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Unread 07-29-2013, 09:42 PM   #1
TheCosplayFox
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Critique Ren Fair Photo's and Photoshoot

I'm just a beginner looking to improve basically all I did was remove the noise from the photo's so I'd like critique.

Ren Fair Photoshoot

https://www.facebook.com/media/set/?...88186& type=3

Ren Fair Photo's
https://www.facebook.com/media/set/?...88186& type=3

Other Photoshoot
https://www.facebook.com/media/set/?...88186& type=3


I'd like some tips on shooting moving subjects as well me and my friends were trying to get photo's of him jumping and it was very difficult maybe I just need more practice but any help would be appreciated.

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Unread 07-30-2013, 10:35 AM   #2
Brea
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I noticed that alot of your shots have alot of headroom meaning there is lots of space between the top-end of the frame and the top of the person's head. This is why the legs are cut off in many of your shots. If you can fill the frame more, you can capture the legs too! Unless you're aiming for a 3/4 body portrait, cut it off before the knees.

Otherwise, composition and focus seems good, I like the "flower frame" one. Just a tip or my preference: only post shots that you're proud of on your page, put other shots elsewhere (I saw a shot with eyes blinking ^_^" in there!).

TLDR: Fill the frame!

For moving/jumping subjects, aim for the highest shutter speed possible, and LOCK focus on your subject before taking the shot, and turn on continuous shooting on the camera so you can take multiple frames by holding down your shutter. You can also do this on single shot mode if you keep your finger on "half-way" shutter so the focus doesn't change when you "spam" the shutter multiple times. That may be too technical

Last edited by Brea : 07-30-2013 at 10:43 AM.
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Unread 07-30-2013, 11:56 AM   #3
TheCosplayFox
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No I understood everything you said for the moving shots. I think the blinking pose might have been one that I thought made it look like the person was relaxing or looking down but maybe it looked bad lol. Anyways for the moving shots that's basically what I did do though I didn't know about the 2nd thing you said do you have anymore tips? It was just very hard for me to capture it at the right moment even with multiple frames going on.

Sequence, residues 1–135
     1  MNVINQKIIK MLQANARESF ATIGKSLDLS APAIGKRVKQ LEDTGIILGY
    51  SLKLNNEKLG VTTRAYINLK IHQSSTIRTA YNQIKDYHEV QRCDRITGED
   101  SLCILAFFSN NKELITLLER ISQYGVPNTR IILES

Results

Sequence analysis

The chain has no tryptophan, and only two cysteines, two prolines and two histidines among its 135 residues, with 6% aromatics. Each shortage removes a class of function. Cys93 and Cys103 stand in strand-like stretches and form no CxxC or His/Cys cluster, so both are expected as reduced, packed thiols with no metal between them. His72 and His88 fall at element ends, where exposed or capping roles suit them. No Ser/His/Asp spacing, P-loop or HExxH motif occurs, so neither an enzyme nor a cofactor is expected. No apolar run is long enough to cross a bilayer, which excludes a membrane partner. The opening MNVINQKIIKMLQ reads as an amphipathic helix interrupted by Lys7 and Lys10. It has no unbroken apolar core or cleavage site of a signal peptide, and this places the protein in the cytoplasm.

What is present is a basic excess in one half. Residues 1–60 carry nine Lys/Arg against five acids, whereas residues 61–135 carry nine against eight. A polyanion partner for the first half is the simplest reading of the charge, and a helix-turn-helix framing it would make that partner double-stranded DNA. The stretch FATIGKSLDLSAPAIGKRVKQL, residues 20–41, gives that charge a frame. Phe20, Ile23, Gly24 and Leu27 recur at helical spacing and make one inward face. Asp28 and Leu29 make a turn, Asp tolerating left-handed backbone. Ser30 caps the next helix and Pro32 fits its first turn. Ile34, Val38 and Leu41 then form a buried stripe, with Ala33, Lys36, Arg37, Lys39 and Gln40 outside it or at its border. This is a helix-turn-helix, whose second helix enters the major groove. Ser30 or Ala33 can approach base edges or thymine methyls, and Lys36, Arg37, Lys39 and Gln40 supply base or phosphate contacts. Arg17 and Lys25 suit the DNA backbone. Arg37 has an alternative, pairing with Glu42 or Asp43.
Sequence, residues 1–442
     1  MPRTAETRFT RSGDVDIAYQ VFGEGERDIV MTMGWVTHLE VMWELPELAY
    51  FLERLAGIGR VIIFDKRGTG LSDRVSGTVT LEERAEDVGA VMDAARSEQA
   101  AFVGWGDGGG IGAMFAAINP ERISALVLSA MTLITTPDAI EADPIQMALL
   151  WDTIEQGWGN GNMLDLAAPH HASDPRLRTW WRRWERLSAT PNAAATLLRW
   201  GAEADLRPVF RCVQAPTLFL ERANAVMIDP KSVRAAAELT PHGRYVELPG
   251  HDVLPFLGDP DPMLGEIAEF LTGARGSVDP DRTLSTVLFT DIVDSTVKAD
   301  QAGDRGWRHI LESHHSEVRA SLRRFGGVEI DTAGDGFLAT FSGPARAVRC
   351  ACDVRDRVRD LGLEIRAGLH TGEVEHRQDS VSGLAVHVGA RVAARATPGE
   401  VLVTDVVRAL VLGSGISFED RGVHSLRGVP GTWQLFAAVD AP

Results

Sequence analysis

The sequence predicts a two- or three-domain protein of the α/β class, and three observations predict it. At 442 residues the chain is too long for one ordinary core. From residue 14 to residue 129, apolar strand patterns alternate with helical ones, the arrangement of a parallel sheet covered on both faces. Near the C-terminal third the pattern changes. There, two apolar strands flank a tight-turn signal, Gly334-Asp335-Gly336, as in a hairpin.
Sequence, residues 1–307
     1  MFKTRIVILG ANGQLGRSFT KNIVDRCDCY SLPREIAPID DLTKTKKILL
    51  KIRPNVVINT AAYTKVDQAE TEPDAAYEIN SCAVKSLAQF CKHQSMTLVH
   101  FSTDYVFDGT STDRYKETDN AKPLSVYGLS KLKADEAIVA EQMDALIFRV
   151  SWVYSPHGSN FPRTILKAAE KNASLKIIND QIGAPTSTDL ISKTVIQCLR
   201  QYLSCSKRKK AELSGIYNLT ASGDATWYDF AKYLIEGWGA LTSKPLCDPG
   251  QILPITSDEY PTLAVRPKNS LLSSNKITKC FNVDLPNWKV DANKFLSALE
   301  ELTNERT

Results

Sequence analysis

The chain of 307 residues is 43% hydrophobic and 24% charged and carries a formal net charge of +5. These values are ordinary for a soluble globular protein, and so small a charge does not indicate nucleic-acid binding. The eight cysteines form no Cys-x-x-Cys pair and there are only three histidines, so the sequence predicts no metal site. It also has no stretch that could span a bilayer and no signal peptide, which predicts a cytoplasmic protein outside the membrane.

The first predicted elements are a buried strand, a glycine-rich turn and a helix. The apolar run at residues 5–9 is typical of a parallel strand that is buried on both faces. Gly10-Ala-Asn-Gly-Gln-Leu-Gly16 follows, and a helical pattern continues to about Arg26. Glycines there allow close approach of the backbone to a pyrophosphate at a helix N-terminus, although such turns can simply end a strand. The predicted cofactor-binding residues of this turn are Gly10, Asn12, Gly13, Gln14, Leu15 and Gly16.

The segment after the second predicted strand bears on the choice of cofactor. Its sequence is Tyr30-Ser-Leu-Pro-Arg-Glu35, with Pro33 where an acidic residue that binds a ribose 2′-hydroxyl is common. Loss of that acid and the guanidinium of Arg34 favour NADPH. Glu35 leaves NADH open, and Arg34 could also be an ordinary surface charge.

Also thanks I didn't even notice that I was leaving a lot of space between the persons head and the top of the frame until you mentioned it just now.
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Unread 07-31-2013, 10:57 PM   #4
mixedmedia
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Personally, I think many of the shots from the first and third links would have benefited greatly with the proper use of a small to medium sized reflector. Taking some of that surrounding or overhead lighting and bouncing it back towards your subject's faces would help with some of the slight underexposure in link 1 and the harsh shadows in link 3. Can be a pain and difficult to do without an assistant, especially if youre moving around alot, but theyre relatively cheap and its a helpful way to adjust some of the lighting without having to perform so much surgery via photoshop.
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Unread 07-31-2013, 11:40 PM   #5
Brea
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Quote:
Originally Posted by mixedmedia View Post
Personally, I think many of the shots from the first and third links would have benefited greatly with the proper use of a small to medium sized reflector. Taking some of that surrounding or overhead lighting and bouncing it back towards your subject's faces would help with some of the slight underexposure in link 1 and the harsh shadows in link 3. Can be a pain and difficult to do without an assistant, especially if youre moving around alot, but theyre relatively cheap and its a helpful way to adjust some of the lighting without having to perform so much surgery via photoshop.
Problems with reflectors: You need to slave an assistant unless you're tripoding which is
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Unread 08-01-2013, 08:54 AM   #6
mixedmedia
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Slave assistants are fine lol. A ring flash can help too.
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